Stress takes many forms but it is easiest to take the idea of stress learn it from the physiological perspective and translate it into the emotional and psychological perspective. Essentially, let’s look at the body and then see how those same concepts apply to the mind. This week, we’ll get a baseline definition for stress so that we can explore how to turn stress into our platform for growth.
Do you ever look at your relationships, whether personal or professional, and see yourself as a gateway the other person or group was passing through? Emily and I were talking the other day about what it means to be a gateway person. I often find that teachers are gateway humans because that is our gift. The thing we are best at is elevating people to the next level, giving others the space to expand and evolve and change and grow. More recently, I’ve noticed and intimately felt this experience of being a bridge. There is some sort of deep knowing in people who are bridges that the role they play in other people’s lives will always be temporary, perhaps explosive and impactful, but not permanent. Today, we delve into fully inhabiting the power of being a bridge.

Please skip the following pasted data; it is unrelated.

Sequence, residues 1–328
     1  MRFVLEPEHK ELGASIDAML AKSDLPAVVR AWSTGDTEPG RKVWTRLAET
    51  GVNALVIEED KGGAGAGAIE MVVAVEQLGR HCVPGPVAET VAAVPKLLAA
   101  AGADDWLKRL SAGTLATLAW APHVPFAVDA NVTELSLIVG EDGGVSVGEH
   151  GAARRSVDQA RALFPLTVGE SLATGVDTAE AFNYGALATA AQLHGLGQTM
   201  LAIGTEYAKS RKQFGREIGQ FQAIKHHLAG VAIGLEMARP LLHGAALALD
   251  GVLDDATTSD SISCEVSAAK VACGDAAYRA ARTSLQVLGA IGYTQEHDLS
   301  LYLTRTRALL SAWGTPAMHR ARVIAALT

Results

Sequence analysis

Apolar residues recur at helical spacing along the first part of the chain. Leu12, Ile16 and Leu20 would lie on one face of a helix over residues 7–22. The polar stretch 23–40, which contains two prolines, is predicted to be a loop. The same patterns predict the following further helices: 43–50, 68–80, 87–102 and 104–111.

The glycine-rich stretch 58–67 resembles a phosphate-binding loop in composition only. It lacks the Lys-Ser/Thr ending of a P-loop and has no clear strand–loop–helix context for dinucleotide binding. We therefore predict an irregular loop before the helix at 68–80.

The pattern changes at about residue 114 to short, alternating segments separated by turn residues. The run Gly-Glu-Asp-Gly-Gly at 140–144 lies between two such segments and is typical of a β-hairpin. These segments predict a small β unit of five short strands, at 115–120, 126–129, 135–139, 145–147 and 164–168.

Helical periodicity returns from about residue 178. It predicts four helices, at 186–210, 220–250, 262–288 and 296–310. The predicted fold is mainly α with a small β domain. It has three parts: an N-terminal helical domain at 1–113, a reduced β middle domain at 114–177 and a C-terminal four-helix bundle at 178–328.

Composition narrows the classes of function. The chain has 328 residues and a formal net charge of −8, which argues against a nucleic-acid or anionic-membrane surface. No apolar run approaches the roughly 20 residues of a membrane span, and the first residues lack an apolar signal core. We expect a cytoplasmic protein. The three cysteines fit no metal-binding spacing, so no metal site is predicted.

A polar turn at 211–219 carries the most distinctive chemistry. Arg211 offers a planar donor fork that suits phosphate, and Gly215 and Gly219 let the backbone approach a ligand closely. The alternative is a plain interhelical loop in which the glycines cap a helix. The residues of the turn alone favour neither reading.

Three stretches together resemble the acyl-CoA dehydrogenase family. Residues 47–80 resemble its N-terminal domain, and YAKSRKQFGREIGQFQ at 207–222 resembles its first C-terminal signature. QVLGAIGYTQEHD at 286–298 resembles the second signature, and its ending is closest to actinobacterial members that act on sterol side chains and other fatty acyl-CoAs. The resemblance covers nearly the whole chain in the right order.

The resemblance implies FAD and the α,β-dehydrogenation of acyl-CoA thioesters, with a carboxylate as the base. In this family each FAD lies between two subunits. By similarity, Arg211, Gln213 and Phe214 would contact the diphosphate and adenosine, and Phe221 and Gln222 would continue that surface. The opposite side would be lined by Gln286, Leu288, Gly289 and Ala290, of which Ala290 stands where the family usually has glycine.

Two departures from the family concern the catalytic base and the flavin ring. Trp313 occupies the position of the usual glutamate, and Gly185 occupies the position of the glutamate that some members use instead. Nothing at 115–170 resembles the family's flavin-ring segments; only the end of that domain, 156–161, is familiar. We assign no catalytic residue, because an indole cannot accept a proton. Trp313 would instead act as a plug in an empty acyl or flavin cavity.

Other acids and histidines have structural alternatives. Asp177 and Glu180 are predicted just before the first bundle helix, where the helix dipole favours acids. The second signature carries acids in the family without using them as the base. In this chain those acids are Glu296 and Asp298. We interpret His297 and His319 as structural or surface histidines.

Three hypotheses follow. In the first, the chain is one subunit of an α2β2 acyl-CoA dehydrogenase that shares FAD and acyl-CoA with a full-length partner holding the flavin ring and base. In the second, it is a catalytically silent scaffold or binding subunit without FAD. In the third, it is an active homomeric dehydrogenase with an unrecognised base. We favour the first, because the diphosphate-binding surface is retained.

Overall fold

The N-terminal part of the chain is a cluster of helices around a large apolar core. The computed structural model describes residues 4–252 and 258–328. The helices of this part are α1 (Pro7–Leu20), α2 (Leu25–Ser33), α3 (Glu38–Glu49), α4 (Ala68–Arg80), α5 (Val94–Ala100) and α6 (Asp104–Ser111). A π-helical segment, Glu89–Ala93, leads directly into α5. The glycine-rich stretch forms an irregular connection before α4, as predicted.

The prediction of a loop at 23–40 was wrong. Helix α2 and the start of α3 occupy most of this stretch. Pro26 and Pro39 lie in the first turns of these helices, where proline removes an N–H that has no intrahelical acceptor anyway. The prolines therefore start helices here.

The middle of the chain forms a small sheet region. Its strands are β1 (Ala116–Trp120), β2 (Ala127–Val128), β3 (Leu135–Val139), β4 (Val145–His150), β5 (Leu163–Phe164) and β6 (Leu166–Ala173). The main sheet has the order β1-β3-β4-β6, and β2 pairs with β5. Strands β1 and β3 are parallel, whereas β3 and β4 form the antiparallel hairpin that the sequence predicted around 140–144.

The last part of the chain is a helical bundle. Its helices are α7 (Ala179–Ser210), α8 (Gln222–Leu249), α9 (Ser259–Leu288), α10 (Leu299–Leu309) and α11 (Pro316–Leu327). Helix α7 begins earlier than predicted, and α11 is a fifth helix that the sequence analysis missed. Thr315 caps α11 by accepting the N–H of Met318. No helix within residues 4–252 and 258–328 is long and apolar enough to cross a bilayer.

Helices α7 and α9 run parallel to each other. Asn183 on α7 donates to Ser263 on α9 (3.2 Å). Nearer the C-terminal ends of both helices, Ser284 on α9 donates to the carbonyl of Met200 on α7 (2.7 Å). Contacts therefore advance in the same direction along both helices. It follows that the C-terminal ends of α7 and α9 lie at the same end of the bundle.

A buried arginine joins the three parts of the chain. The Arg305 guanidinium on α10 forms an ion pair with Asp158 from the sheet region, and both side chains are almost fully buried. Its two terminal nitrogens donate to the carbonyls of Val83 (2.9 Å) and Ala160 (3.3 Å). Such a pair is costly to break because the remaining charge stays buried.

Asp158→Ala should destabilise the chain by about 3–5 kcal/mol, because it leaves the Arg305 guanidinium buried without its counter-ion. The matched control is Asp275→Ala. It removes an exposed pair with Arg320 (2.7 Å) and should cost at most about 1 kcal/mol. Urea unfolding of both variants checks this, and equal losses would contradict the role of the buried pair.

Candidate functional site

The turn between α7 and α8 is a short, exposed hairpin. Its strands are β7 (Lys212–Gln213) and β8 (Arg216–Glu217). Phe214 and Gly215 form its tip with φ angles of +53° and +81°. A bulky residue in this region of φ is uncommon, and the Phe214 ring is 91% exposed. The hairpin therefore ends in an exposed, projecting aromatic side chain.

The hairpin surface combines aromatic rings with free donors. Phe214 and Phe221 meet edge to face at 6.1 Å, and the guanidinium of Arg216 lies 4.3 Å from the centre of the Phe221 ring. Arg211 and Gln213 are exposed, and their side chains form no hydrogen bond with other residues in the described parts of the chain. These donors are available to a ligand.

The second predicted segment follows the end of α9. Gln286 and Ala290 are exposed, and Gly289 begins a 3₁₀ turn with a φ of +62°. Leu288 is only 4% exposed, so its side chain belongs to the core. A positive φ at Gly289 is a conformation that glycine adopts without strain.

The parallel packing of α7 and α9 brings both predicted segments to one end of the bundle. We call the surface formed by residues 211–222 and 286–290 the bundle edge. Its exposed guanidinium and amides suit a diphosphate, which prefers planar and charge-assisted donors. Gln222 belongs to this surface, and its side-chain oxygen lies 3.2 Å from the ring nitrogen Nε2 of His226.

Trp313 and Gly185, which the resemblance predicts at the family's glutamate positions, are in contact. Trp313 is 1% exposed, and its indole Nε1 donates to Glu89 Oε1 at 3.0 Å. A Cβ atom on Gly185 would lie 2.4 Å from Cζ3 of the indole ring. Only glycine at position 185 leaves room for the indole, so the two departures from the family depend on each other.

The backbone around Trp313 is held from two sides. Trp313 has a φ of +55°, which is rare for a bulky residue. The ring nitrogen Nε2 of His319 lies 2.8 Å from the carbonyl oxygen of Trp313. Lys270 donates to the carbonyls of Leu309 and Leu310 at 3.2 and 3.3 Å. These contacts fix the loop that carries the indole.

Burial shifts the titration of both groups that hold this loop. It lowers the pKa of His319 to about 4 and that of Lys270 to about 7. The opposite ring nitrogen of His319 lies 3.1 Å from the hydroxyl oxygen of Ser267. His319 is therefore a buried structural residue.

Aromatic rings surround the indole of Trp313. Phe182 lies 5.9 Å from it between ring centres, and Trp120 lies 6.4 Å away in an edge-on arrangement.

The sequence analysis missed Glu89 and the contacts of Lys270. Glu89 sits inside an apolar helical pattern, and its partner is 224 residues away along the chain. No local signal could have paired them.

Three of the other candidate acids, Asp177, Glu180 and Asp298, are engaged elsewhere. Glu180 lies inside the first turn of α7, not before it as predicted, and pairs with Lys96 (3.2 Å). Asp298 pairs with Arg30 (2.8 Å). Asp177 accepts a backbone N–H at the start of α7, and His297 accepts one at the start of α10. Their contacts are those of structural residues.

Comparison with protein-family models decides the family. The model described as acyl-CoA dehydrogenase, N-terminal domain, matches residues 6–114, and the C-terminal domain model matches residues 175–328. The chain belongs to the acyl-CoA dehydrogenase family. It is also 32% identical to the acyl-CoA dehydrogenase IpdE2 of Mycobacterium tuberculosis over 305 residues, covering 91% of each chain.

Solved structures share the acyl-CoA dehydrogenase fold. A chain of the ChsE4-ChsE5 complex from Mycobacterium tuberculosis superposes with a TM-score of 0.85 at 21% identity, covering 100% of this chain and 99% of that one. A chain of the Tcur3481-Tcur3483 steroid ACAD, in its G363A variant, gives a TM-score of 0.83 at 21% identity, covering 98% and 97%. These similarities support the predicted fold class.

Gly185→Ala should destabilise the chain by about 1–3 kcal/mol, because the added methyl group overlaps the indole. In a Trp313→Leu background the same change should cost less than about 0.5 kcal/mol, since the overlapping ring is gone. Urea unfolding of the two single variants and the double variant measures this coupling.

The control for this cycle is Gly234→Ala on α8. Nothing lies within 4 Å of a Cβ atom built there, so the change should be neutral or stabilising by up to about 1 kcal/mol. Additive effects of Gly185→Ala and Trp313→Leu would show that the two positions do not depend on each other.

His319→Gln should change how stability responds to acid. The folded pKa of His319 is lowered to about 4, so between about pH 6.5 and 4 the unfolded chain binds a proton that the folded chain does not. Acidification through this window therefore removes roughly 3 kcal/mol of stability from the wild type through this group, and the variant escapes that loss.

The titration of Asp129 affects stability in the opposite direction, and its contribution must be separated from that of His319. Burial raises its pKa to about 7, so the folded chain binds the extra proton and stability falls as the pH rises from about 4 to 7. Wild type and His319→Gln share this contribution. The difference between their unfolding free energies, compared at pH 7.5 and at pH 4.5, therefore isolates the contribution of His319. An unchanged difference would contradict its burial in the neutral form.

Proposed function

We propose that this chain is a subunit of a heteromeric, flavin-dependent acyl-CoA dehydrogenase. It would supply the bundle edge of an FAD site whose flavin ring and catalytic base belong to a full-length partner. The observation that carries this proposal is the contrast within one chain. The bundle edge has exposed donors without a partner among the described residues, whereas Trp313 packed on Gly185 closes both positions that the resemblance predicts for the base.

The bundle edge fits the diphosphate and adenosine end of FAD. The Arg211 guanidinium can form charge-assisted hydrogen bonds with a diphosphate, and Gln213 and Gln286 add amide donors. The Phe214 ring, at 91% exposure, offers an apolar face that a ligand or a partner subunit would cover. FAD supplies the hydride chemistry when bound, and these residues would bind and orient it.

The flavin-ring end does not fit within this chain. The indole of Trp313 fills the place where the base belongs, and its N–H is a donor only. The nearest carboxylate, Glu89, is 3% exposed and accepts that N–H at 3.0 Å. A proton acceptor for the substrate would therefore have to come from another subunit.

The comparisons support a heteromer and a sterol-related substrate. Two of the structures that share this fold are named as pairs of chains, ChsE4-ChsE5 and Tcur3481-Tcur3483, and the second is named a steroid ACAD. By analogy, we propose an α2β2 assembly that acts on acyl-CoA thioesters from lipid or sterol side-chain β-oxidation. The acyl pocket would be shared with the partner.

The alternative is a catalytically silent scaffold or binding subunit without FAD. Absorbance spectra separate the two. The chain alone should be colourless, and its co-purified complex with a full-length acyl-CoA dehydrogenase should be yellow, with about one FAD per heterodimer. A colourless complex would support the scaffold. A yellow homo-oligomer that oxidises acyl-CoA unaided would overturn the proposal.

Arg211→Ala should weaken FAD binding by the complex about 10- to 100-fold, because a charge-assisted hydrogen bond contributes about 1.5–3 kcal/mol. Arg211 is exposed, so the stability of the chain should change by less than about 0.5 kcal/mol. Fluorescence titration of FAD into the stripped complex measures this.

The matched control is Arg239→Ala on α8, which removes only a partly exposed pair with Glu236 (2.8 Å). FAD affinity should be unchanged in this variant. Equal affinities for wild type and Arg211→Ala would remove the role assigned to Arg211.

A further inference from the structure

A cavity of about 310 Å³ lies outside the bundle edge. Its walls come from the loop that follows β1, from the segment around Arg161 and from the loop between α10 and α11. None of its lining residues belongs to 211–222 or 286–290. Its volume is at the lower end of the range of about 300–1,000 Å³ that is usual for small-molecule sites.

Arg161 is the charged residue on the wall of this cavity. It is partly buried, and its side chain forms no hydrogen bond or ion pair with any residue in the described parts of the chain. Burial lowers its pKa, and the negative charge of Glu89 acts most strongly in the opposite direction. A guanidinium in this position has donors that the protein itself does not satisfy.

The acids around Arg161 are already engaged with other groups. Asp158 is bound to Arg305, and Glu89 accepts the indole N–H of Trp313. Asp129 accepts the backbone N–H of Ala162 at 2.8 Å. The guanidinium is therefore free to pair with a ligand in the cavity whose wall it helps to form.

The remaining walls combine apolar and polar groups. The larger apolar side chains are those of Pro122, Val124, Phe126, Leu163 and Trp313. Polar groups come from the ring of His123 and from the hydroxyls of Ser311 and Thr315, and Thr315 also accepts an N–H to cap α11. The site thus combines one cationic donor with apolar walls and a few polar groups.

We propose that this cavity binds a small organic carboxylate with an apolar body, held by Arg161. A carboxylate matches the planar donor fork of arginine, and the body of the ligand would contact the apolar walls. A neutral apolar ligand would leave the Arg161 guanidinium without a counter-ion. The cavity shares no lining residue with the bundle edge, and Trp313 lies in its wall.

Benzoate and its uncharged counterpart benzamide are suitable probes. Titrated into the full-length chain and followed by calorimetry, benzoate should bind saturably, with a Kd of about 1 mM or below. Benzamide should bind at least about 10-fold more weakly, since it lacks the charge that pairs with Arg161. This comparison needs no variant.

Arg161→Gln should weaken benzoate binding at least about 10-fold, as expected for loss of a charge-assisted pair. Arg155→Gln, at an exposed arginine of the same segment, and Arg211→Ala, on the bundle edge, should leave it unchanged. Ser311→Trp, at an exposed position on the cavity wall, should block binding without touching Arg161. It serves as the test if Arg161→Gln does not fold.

In the yoga practice, ahimsa is one of the five Yamas, or moral vows. We tend to think of nonviolence and how it relates to beings outside of the self: eat plants not animals. Don’t hurt other people. Be kind and compassionate in thought, word, and action. This basic social contract is incredibly important in creating a world in which all beings can thrive. But what about ahimsa in relationship to the self? It’s hard to take the concept of ahimsa and turn it reflexively back on the self especially when so much of the harm we do to ourselves we rationalize as beneficial. “If I just push hard enough, it will be worth it.” Let’s unpack the three main categories of violence towards the self and how we can practice ahimsa to create a better relationship with our very own souls.